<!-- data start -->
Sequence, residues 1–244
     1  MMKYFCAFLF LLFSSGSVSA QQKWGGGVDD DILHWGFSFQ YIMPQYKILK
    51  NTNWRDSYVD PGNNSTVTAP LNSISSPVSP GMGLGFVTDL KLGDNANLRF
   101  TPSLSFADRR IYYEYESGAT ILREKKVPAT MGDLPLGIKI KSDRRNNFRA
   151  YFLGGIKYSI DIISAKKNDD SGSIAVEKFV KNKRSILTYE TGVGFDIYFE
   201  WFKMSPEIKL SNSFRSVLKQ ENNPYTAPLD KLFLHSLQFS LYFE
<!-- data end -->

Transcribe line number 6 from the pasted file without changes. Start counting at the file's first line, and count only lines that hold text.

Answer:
   201  WFKMSPEIKL SNSFRSVLKQ ENNPYTAPLD KLFLHSLQFS LYFE